Video of a Homeless Austin Man Went Viral Because It Shows How Crappy Everybody Treats Homeless People


While the Daily Post was on vacation last week, Austinites Sandy Shook and Joseph Costello blew up on YouTube with a video that they made. Shook, a homeless man, went with Costello, a young filmmaker, to a local thrift store, where he bought a blazer and a pair of slacks. Costello than filmed Shook standing outside of the Scarbrough Building on Sixth and Congress, asking passers-by for a buck that he was short to pay for his Subway sandwich, or fifty cents he was missing for his bus fare.  

Invariably, the people Costello and his camera captured Shook interacting with are respectful, kind, and generous. Then they flip the exercise: Shook changes into a ratty t-shirt and dirty jeans and asks people the same questions, and suddenly no one makes eye contact with him. Many walk past without acknowledging that he’d addressed them at all. One shouts “No!” at him before Shook even opens his mouth to speak. 

Would Legalizing Gay Marriage Add $180 Million to the Texas Economy?


Anybody who has ever planned a big wedding has probably noticed that every aspect of it is expensive: The moment caterers, venues, chair-rental companies, DJs, etc, etc, etc, hear the word “wedding,” the prices seem to spike at least 20 percent. When you multiply that by the number of people on the guest list, the numbers add up. 

That’s bad news for young couples who are starting their life together underneath a considerable mountain of debt, but it’s great news from an economy that functions on people spending big chunks of money in a lot of different places. The wedding-industrial complex employs a number of people at all levels of the economy—staff at Men’s Wearhouse, bartenders, and otherwise-unemployable jazz musicians all sustain themselves through the wedding business. And then, of course, there’s sales tax on all of that activity. Which casts an interesting wrinkle on the question of gay marriage: How much of an economic impact would legalized gay marriage have on the Texas economy?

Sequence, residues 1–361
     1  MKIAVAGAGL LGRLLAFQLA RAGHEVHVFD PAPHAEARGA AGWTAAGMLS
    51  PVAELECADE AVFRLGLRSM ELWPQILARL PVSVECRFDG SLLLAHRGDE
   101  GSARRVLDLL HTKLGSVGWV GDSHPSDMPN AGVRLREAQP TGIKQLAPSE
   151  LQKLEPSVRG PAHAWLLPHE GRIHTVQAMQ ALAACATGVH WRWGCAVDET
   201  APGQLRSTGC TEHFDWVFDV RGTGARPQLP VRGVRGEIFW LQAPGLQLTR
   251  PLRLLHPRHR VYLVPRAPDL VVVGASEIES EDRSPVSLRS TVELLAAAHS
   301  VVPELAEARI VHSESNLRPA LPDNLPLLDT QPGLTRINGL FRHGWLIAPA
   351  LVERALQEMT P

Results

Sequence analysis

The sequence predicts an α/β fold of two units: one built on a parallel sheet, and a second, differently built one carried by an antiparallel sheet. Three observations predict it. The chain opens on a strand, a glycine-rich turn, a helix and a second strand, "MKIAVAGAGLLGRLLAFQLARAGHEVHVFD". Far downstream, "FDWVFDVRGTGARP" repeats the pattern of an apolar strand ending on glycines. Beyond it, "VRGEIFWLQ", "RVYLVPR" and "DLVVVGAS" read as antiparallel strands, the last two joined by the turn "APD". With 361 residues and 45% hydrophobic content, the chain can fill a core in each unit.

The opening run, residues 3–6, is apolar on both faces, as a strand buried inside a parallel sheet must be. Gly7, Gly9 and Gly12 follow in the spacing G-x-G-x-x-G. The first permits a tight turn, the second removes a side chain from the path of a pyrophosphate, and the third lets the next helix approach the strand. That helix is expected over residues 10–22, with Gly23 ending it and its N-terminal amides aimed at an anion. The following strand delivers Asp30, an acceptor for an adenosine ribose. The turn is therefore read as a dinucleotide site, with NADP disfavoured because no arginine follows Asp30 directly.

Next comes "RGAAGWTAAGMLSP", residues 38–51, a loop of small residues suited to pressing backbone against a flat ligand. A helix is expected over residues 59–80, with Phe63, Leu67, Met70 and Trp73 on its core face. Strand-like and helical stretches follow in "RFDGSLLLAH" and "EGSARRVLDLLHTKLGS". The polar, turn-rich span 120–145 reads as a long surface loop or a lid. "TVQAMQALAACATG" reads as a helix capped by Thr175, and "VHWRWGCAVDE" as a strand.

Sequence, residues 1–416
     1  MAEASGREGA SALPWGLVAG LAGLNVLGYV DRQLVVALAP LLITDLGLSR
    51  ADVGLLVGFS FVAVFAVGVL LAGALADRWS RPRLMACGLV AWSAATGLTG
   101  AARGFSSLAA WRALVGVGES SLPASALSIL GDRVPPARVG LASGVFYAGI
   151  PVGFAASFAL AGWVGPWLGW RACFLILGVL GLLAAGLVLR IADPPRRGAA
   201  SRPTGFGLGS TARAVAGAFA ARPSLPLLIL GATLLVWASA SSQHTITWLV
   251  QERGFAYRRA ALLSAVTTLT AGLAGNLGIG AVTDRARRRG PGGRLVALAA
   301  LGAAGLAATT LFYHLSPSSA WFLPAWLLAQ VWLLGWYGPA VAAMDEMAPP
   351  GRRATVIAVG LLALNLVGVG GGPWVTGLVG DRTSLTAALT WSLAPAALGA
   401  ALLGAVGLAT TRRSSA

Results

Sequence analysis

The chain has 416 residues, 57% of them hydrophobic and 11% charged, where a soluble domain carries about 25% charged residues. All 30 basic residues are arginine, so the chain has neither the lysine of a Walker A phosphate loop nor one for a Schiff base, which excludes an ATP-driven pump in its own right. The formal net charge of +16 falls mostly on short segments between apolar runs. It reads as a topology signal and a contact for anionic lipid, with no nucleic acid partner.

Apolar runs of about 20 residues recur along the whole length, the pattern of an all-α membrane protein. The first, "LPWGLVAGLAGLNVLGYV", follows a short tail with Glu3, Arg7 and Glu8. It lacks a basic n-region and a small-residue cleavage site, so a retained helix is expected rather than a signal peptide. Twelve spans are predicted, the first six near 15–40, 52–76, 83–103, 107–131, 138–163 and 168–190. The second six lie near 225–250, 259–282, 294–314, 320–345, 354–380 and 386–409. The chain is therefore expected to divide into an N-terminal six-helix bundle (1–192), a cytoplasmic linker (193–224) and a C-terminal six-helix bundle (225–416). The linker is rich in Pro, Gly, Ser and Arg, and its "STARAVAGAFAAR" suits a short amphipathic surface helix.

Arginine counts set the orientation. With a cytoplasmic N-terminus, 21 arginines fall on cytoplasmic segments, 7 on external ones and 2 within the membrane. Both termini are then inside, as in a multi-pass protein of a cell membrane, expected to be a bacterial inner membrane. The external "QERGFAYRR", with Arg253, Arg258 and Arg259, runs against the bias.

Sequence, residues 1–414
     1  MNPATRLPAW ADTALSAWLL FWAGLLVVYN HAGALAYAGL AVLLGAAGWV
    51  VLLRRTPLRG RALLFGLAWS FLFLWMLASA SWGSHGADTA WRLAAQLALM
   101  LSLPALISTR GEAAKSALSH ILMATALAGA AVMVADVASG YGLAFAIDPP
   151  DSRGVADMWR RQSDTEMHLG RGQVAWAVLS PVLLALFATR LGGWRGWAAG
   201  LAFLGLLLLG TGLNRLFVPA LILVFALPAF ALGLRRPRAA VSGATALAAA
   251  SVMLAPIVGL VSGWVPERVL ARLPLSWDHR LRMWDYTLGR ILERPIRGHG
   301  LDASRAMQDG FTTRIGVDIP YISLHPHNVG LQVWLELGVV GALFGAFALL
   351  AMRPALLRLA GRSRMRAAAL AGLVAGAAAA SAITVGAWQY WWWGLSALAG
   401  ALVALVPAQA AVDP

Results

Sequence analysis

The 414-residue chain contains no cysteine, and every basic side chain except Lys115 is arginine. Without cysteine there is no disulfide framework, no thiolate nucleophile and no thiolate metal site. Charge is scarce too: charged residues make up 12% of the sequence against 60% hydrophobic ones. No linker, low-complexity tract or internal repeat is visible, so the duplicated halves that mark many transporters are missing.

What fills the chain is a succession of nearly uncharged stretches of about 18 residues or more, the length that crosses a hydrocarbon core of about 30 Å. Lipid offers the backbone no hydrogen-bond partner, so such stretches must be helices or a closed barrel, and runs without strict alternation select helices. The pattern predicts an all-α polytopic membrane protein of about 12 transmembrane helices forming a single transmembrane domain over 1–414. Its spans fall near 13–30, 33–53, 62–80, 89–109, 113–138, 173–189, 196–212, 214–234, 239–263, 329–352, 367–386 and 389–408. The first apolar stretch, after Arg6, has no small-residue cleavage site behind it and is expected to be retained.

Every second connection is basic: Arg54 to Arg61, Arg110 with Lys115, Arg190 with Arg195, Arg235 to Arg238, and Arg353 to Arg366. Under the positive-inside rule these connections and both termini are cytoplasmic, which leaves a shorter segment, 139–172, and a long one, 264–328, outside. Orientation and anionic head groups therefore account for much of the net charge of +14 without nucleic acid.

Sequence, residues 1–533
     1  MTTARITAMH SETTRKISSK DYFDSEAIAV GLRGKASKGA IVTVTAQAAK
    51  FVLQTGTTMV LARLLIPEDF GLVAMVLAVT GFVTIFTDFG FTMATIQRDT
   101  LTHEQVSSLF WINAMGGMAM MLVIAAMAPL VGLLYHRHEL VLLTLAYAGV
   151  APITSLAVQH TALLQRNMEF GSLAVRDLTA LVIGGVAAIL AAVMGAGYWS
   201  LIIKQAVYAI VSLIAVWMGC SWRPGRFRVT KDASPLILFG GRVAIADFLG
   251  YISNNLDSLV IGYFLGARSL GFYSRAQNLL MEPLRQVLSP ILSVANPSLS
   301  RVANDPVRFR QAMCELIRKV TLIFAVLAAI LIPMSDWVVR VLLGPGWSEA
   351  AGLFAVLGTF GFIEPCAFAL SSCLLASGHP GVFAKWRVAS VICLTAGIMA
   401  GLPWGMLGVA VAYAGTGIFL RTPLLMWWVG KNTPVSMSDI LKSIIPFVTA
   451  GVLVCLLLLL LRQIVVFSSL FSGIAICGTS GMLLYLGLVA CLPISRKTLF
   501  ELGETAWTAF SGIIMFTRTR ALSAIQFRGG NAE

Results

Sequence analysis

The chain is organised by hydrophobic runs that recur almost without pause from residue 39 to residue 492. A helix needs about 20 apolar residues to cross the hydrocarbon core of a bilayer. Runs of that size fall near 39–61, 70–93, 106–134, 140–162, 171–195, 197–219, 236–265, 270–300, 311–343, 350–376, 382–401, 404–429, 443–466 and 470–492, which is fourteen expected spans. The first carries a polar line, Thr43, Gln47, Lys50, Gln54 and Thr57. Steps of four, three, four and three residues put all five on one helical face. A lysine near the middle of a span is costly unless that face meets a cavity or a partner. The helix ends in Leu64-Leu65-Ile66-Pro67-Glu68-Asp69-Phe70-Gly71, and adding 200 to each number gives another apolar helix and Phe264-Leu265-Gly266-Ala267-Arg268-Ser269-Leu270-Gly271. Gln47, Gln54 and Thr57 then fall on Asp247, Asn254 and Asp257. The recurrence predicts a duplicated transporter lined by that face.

It’s not the easiest question to answer for a few reasons we’ll get into momentarily, but at least one advocacy organization decided to go ahead and put a number on it, anyway, and that number is a bold $180 million:

"Down on His Luck Austin Celebrity" Romeo Rose Will Babysit for $10/Hour

When last we checked in with Austin Internet sensation Romeo Rose, things were good for the lovelorn goofball who liked to dress like the Count of Monte Cristo: He was proudly flaunting his bizarre, horrible criteria for seeking a mate on his website,, and offering a $1,500 finder’s fee to anyone who could help him make the match of his dreams.